Work has begun with the moving of the midden which after a year had grown very big and we did not want to carry on heaping more and more manure on it so it has been  taken up to a top field, out of sight, and where it can be spread to fertilise that area. Then  the big job can begin, that of  redoing the track surface(it has so many holes in it)and concreting both the stable yard and the floor of the agri (barn) which houses around a dozen of our ponies overnight and through the winter months. I have ordered the rubber matting for that  already.It is exciting being finally able to undertake a reasonably big project, for years I have felt we were at a standstill regarding improvements to the shelter and although the biggest project is still a pipe dream(the cattery) I now feel more optimistic about that too. We are still applying for every grant making trust we can find and have had a few small grants bestowed upon us but every little helps and one day perhaps we will succeed with a 'biggie'.

Vicky the animal behaviourist started her week with us today and she has been making great progress already with the 'difficult ones' (and I dont mean us!)Now we all have to learn how to deal with the animals which cause us problems, it is of course no good teaching an animal good behaviour if the people who work with them have no idea how to encourage it and perpetuate the initial training.I am one of the worst culprits because I am  useless at training and give in too easily in order to have a peaceful life which of course is not the answer.So I have to do a little training with myself too.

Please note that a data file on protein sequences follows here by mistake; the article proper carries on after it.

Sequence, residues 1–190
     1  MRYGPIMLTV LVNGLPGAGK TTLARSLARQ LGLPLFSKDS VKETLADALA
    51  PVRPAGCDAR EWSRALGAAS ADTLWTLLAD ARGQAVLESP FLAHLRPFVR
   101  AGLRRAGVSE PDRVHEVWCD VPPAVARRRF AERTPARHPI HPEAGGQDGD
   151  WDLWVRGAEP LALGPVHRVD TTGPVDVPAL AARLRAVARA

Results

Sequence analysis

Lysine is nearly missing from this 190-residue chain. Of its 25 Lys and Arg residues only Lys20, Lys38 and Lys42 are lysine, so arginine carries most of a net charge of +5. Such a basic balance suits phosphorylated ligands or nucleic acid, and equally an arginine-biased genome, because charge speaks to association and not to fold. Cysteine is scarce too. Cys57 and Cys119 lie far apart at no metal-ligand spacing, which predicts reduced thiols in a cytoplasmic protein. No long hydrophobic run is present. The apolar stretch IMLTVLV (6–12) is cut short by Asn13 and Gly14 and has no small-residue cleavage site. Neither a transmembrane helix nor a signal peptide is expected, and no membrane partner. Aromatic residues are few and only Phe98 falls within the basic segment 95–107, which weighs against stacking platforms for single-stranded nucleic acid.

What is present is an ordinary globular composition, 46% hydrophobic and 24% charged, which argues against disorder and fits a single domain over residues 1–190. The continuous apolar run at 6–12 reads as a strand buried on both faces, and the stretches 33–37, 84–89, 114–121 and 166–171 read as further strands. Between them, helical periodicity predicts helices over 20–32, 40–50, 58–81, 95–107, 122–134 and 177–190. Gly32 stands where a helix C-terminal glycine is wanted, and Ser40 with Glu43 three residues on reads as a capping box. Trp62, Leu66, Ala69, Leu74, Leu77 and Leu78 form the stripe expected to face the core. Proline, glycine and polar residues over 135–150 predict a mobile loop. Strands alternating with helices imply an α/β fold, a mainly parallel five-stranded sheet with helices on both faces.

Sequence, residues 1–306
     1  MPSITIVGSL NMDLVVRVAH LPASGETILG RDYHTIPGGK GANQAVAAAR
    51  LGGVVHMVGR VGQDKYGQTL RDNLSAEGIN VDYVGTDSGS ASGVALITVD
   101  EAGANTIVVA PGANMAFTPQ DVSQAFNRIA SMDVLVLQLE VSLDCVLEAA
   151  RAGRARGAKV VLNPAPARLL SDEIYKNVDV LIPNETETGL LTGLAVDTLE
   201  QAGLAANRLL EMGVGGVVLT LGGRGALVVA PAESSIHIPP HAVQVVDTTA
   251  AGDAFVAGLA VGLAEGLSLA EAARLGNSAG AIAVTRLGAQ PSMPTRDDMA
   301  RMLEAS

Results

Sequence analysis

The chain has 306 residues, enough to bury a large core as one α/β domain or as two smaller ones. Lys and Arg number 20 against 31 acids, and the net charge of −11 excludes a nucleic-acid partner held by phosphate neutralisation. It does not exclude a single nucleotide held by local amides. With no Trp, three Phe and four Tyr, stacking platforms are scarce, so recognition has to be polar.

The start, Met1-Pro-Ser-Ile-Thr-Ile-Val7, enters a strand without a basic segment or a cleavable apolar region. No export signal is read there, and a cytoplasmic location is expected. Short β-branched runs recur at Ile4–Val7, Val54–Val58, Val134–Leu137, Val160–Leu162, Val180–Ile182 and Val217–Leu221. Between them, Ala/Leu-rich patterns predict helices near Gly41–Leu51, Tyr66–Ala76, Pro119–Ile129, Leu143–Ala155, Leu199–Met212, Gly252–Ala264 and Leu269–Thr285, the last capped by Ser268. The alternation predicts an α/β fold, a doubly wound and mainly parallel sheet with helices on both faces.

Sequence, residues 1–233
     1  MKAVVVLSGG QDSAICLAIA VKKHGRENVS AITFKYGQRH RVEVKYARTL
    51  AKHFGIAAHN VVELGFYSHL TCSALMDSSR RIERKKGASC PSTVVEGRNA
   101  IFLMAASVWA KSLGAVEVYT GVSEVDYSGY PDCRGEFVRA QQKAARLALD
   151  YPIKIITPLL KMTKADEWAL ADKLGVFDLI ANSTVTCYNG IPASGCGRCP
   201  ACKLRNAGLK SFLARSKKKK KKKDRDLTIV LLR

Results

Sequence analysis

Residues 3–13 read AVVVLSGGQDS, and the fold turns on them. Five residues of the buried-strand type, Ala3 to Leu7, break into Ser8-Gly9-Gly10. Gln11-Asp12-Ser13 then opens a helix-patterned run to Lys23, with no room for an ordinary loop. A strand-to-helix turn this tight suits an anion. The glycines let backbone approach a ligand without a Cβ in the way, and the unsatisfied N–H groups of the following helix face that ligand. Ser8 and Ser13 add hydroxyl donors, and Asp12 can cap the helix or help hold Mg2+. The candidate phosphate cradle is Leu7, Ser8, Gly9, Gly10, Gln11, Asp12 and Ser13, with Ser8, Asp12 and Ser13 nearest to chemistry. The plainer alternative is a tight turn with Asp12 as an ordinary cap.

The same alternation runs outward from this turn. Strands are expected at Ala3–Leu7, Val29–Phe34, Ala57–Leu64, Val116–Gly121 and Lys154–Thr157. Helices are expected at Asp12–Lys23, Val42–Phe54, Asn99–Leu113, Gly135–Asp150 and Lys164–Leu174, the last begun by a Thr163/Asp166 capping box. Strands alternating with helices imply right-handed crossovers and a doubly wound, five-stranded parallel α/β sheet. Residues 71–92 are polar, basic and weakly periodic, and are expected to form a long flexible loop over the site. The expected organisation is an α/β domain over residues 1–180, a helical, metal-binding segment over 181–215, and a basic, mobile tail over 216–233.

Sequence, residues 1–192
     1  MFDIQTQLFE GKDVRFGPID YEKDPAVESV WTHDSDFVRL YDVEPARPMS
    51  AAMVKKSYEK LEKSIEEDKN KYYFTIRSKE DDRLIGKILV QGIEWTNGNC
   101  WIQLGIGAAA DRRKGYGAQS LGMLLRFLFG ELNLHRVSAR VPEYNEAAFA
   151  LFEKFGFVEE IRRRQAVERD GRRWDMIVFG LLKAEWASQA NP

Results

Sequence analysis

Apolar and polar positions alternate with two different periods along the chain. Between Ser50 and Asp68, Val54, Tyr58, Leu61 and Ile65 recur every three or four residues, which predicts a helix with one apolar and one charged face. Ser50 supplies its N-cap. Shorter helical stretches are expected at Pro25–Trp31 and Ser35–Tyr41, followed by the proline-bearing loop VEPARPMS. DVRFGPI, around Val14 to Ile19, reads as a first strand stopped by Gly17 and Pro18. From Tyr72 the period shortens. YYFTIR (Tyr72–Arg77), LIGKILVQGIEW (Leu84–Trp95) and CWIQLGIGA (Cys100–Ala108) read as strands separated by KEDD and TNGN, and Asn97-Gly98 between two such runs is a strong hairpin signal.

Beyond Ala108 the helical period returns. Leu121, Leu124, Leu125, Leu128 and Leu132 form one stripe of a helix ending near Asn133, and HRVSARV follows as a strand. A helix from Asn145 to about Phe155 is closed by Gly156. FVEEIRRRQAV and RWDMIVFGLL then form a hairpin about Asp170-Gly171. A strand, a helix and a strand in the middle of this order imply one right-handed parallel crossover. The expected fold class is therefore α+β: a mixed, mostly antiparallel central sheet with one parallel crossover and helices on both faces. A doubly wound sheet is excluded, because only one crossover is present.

If I told Vicky how I used to calm my highly strung Jack Russell Dolly many years ago she would have a fit! I would be on the telephone to a friend and to get my attention Dolly would either start barking incessantly or she would attack one of the other dogs.The only thing that would stop her would be if I threw her raisins which she loved so I would be trying to hold a conversation amidst shouting manically  above the barking "Raisins Dolly raisins" and throwing a handful on the floor.  Of course that would only shut her up for the time it took her to gobble them down and then I would have to start all over again.Dolly became known to many as Raisins.At that time I had no idea that raisins can be actually detrimental to a dog and I could have unwittingly caused her to be very ill and it could even have caused her death! Dolly must have had a cast iron constitution because this behaviour (of hers and mine) continued for many years until I was on the verge of a breakdown over her and being unable to control her manic behaviour so friends Dave and Caroline  offered her a home where she lived happily until she died of  old age. With hindsight I realise  now that my own state of stress  had transmitted to her and that we were locked in a no win situation. If only there had been animal behavourists around in those days!